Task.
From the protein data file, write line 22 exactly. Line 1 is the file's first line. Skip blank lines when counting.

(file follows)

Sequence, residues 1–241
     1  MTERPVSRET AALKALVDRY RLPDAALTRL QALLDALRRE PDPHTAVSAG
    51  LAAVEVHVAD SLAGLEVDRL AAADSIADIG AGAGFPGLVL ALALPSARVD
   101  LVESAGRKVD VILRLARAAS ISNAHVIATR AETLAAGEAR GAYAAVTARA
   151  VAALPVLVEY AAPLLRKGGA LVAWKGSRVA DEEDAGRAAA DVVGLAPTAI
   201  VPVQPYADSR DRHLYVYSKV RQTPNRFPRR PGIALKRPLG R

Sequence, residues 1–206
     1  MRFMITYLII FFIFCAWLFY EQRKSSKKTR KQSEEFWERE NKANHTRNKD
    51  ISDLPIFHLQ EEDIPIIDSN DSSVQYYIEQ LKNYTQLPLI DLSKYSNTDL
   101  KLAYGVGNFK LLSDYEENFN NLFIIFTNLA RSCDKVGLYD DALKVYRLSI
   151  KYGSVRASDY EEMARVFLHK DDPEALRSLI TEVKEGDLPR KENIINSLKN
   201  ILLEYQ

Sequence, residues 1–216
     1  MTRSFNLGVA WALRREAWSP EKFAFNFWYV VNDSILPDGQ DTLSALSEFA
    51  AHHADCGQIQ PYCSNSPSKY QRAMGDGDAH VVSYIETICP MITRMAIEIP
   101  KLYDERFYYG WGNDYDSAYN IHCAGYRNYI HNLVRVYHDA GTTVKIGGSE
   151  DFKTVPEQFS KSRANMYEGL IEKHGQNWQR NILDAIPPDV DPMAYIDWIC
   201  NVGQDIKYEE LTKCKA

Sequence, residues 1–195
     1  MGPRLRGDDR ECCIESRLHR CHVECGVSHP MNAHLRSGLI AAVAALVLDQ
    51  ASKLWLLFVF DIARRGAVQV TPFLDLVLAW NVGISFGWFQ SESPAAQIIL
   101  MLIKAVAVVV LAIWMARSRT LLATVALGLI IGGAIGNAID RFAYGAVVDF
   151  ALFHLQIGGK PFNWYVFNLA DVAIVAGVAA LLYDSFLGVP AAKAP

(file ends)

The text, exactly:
   101  MLIKAVAVVV LAIWMARSRT LLATVALGLI IGGAIGNAID RFAYGAVVDF